An Overview of Gabapentin

This seizure medication may be used in the treatment of migraines

In the quest to find effective preventive migraine treatments, healthcare providers sometimes prescribe medications "off-label." In these cases, a drug has been approved by the U.S. Food and Drug Administration (FDA) for one disorder, but has been found to have positive effects on an unrelated one.

Gabapentin is one such drug. It's an anti-seizure drug sometimes used to prevent migraines, though there is conflicting scientific evidence supporting its effectiveness in this regard.

In the United States, gabapentin is sold in generic form and under the brand names Neurontin, Gralise, Horizant, and Neuraptine.

Young woman holding one hand on forehead
PhotoAlto/Frederic Cirou / Getty Images

How It Works

The precise mechanism of gabapentin’s action is not well known. Even though this drug has a similar structure to a brain neurotransmitter called GABA (gamma-aminobutyric acid), it has no effect on its receptors. It is believed that gabapentin blocks calcium channels, modulating the release of excitatory neurotransmitters.


Gabapentin is primarily used to treat epilepsy in people older than 12 and partial seizures in children ages 3 to 12. It is also FDA-approved to treat a condition called postherpetic neuralgia—the nerve-related pain complication of a herpes zoster attack (shingles) that can occur in adults.

Besides these uses, gabapentin is used off-label for a variety of other conditions like migraine prevention, as well as diabetic neuropathy, restless legs syndrome, and fibromyalgia.

Because of its benefit in treating these and other issues, gabapentin is what's known as an adjuvant analgesic—a drug that can help control pain, despite it not being primarily intended to do so. Gabapentin may be used alone or with other medications when necessary.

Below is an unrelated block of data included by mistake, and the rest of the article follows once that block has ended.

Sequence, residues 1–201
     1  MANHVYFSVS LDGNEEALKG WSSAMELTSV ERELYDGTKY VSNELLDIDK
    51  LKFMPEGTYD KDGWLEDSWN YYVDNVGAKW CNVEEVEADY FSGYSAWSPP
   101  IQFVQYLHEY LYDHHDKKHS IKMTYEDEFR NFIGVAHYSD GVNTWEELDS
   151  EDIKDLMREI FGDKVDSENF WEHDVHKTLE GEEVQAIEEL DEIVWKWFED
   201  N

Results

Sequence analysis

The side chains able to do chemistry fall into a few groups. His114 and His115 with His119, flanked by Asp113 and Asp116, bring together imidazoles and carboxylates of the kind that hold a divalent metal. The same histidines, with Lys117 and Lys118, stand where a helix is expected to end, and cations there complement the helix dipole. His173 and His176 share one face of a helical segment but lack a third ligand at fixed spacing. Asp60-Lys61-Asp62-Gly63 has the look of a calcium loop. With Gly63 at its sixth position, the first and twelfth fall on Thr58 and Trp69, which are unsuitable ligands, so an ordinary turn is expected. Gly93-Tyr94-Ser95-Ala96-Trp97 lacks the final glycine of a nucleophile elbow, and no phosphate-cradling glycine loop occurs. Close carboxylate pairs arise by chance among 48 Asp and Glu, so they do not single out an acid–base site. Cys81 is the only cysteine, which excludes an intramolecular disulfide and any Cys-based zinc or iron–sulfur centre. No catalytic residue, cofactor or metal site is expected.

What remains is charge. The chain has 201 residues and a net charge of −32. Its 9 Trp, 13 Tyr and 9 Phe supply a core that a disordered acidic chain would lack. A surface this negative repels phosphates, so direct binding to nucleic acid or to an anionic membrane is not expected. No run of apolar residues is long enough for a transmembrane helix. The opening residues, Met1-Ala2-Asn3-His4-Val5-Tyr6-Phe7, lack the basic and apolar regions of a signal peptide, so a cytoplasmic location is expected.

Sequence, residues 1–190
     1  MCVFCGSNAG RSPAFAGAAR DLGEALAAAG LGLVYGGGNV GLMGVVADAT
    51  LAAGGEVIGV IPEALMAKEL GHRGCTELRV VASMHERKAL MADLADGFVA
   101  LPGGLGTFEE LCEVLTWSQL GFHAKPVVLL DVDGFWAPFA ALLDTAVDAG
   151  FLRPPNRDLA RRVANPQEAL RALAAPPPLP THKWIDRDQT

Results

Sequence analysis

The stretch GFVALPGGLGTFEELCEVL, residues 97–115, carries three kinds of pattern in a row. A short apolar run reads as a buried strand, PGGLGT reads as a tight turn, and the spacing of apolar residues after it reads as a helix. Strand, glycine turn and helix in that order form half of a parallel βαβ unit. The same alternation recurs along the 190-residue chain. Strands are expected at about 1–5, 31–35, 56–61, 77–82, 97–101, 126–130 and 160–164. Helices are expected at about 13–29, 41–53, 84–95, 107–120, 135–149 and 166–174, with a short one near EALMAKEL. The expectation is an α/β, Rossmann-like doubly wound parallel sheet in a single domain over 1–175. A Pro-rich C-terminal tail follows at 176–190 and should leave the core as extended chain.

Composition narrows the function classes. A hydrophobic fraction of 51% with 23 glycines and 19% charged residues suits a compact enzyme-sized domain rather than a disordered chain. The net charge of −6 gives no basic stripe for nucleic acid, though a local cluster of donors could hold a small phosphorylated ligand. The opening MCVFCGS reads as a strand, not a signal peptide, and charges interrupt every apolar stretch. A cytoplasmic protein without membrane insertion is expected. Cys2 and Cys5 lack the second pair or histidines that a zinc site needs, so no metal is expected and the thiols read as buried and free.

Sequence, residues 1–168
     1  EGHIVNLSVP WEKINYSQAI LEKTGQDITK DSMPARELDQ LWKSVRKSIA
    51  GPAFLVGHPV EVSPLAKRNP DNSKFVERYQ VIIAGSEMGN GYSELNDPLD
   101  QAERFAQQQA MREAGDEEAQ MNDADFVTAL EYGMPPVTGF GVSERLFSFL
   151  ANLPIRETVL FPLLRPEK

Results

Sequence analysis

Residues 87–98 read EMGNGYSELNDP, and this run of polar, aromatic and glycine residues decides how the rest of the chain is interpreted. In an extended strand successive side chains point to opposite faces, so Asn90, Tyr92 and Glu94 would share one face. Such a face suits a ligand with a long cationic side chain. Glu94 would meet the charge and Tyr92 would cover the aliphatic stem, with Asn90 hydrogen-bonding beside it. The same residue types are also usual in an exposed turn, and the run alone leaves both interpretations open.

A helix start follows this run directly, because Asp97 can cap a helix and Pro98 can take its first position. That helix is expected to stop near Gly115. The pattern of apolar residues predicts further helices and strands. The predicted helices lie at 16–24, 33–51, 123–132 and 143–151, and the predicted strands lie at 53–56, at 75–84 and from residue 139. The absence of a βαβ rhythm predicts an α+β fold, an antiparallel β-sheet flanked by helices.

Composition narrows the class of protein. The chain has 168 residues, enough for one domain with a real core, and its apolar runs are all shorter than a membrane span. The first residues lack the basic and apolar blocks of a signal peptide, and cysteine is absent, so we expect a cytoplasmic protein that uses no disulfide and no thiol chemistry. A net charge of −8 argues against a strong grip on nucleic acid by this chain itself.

It's important to note, however, that The American Academy of Neurology (AAN) and the American Headache Society (AHS) do not list gabapentin as "effective" or "probably effective" for preventing migraines in their 2012 guidelines. Instead, gabapentin is given a level U rating, which means the evidence is conflicting or inadequate to support or refute its use for migraine prevention.

Formulation and Dosing

Gabapentin is taken by mouth and available as a capsule, tablet, or liquid. Dosages range from 300 to 3600 mg a day, though they are often adjusted for children, elderly people, and those with kidney disease.

The medication is available as an immediate-release oral tablet, an extended-release oral tablet, and an oral solution. It can be taken with or without food.

If you forget to take your dose, take it as soon as you remember. Never try to catch up by taking two capsules at once. Never stop taking gabapentin without your healthcare provider's OK. You will need to wean yourself off it slowly in order to avoid potentially serious side effects. 

Potential Side Effects

Like all drugs, gabapentin does have potential adverse effects, with the most common ones being dizziness and drowsiness. Less common but serious side effects include:

  • Loss of coordination
  • Blurred/double vision
  • Unusual eye movements (nystagmus) or shaking (tremor) 
  • Swelling of the hands, ankles, or feet